Israel-Hamas Conflict Reality Check For India-Middle East-Europe Economic Corridor – Analysis

By Anjana Pasricha

The ongoing violence between Israel and Hamas has underlined the challenges facing an ambitious initiative to build a new trade route from India through the Middle East to Europe, according to analysts.

Announced at the Group of 20 summit held in India last month, the India-Middle East-Europe Economic Corridor, or IMEC, is seen as a modern-day spice route and an alternative to China’s Belt and Road Initiative. It is backed among others by the United States, the European Union and Saudi Arabia.

The corridor aims to establish a rail and shipping network linking the UAE, Saudi Arabia and Jordan to the Israeli port of Haifa on the Mediterranean Sea. Goods could then be shipped to Europe, bypassing the Suez Canal.

But as Israel conducts strikes on Gaza in response to the October 7 attack by Hamas militants, the region has been plunged into instability as the conflict becomes the deadliest of five Gaza wars.

“Now we are facing the possibility of a spillover of this war into the wider region and that is a reality check for IMEC,” according to Chintamani Mahapatra, founder of the Kalinga Institute of Indo Pacific Studies in New Delhi. “In the midst of this conflict, the whole idea of IMEC is getting lost.”

‘Wake-up’ call

Pointing out that the project involves passing through some of the most volatile regions of the Middle East, analysts say the war is a “wake-up” call about the scale of challenges IMEC will have to confront. 

“The new war is a tragic reminder of just how difficult it will be to build out the new corridor,” Michael Kugelman, director of the South Asia Institute at the Wilson Center in Washington, said in emailed comments to VOA. “It’s not just a matter of financing challenges, but also of stability and diplomatic cooperation. The war makes it painfully clear that these conditions remain elusive.”

When the project was announced, Washington’s push for normalization of relations between Saudi Arabia and Israel was making headway and there were hopes that this could transform longstanding Mideast rivalries. A reliable link between Saudi Arabia and Israel is a crucial element of the project. An agreement between Israel and Saudi Arabia would have followed the U.S.-brokered Abraham Accords which saw Israel establish diplomatic relations in 2020 with three Arab countries.

“This project was worked under the presumption that there would be peace and stability in the region. But even if there is no wider conflict in the days and months to come, the future is now uncertain,” according to Manoj Joshi, Distinguished Fellow at the Observer Research Foundation in New Delhi.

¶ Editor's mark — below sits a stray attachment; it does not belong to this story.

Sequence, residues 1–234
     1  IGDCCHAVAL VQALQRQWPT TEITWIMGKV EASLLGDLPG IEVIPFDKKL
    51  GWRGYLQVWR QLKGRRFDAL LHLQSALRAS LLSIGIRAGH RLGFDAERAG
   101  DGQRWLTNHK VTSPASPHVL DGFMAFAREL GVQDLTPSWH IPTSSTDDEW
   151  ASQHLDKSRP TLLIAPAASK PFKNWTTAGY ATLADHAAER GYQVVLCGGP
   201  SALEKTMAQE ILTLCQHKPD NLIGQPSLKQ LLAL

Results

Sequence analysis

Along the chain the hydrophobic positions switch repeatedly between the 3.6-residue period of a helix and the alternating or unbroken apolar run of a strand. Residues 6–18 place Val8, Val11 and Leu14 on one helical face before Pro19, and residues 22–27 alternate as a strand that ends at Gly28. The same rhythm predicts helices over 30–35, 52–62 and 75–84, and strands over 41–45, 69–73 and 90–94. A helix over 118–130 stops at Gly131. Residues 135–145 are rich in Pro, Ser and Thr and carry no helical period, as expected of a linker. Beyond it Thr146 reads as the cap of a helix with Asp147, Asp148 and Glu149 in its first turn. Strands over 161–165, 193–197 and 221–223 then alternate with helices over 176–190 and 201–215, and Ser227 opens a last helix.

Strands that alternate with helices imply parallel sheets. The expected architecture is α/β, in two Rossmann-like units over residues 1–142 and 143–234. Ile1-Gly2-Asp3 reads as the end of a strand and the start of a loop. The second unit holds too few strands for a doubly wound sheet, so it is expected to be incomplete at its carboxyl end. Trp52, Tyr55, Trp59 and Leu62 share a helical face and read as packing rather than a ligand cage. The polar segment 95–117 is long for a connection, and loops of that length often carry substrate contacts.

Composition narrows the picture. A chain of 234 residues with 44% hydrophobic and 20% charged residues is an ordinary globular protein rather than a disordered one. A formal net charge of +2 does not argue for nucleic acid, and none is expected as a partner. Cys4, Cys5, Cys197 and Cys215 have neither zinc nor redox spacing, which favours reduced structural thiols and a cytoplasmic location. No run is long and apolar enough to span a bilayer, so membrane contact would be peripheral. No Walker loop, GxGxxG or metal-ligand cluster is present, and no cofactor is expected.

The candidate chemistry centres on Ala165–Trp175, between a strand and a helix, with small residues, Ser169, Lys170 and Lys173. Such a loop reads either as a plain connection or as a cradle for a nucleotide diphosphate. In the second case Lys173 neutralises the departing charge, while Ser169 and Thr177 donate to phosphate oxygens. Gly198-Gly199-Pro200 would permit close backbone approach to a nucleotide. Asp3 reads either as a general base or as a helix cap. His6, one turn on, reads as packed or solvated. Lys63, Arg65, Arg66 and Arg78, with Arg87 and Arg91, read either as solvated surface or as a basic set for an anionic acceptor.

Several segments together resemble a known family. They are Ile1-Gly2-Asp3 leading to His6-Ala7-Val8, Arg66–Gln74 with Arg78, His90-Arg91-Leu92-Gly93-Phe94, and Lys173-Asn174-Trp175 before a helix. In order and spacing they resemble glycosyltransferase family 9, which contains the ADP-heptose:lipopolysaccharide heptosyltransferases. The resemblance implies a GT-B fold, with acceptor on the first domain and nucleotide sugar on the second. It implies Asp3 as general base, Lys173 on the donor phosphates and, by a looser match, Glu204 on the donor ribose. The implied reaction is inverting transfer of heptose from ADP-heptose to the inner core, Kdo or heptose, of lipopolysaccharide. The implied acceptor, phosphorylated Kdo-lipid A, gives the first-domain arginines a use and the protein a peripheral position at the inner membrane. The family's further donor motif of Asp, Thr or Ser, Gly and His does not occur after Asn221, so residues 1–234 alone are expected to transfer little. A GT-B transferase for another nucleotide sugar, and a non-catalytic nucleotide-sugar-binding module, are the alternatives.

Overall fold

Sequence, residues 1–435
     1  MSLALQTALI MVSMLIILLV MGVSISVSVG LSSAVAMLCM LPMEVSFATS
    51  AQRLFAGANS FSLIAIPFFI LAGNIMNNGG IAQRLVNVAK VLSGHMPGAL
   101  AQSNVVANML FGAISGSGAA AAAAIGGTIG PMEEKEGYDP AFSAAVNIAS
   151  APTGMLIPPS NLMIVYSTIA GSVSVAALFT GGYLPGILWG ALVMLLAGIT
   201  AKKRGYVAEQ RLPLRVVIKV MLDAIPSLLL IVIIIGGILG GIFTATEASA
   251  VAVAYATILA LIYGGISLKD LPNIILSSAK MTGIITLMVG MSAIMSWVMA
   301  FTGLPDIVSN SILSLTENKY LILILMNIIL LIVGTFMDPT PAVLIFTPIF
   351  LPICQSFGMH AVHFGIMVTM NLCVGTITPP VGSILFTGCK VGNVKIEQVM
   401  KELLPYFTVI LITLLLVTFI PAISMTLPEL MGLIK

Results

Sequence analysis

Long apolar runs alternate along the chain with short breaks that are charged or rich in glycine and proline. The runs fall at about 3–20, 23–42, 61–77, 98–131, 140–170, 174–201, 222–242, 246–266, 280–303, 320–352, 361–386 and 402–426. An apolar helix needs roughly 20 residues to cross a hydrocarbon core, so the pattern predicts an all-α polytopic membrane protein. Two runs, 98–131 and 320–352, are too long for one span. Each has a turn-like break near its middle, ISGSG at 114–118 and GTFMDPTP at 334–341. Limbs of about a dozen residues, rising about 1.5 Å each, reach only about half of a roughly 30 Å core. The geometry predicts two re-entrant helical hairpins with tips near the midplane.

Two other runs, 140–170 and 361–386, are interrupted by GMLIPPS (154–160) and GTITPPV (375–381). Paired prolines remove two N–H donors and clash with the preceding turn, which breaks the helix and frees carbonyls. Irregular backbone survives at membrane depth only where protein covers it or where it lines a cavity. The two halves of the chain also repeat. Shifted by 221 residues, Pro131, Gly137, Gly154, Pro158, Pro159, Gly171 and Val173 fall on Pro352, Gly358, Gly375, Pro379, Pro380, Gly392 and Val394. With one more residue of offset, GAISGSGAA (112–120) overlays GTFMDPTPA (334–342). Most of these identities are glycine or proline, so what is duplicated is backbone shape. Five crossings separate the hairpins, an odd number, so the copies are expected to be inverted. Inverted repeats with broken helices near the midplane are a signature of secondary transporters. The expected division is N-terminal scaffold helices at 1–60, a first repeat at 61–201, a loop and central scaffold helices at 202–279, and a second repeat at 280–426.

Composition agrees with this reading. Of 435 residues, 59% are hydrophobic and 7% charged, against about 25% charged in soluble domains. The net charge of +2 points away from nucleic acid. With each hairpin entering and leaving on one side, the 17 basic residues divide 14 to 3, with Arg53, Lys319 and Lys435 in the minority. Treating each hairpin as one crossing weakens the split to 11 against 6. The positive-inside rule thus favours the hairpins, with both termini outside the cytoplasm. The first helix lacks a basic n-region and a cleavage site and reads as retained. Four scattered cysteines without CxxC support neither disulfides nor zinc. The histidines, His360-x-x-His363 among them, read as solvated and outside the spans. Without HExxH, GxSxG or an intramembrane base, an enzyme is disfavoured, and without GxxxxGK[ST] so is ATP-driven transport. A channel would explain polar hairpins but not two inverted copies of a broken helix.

He pointed out that the project requires billions of dollars of investment. “It involves building two to three thousand kilometers of rail lines. With the region now plunged into political instability, the question is who will invest?” 

‘A counter to China’

The Western-backed corridor was not envisaged as just a trade route – it had geopolitical motives, according to analysts. It was seen as a counter to China, whose influence in the Middle East is rising.

It also aimed to build trust and political capital for normalization of ties between Israel and Saudi Arabia according to Kugelman. But he said that plan has been put on “cold ice” for now, although it could be reconstituted down the road.

“Saudi Arabia and Israel have strong strategic imperatives to normalize ties, but for Riyadh, the political costs of doing so while Israel is carrying out its brutal campaign in Gaza are too high,” he said.

New Delhi has said that the ongoing conflict will not dampen plans for the trade corridor. India, whose economy is growing, would be one of the major beneficiaries of the proposed route. Indian Prime Minister Narendra Modi has described IMEC as the “basis of world trade for hundreds of years to come.”

“IMEC is for the long term,” Finance Minister Nirmala Sitharaman said in Morocco last week where she attended a meeting of G-20 Finance Ministers. “While short-term glitches can have concerns and occupy our minds, we will keep engaging with all stakeholders.”

For New Delhi, the new trade route would slash shipping costs and expedite access to markets in the Middle East and Europe. India’s ties with countries like Saudi Arabia, UAE, Egypt as well as Israel have warmed significantly in recent years. Trade with these countries is rising while the European Union is its third largest trading partner.

As the current conflict unfolds, New Delhi has reached out to both Israel and the Palestinians.

In a show of solidarity with Israel, Prime Minister Modi condemned the Hamas assault as terrorist attacks. India has also reiterated its longstanding support for establishment of an independent Palestine state and sent humanitarian aid for Gaza.

But even if New Delhi is able to strike a balance in its ties with Arab countries and Israel, the project’s future hinges on how relations will shape up among the countries in the region.

“IMEC will not be buried, I won’t write its obit,” said Mahapatra. “When the dust settles down in West Asia, it will likely make headway. But in the midst of such a conflict, there is no possibility of a cooperative and positive proposal with the various countries involved,” said Mahapatra.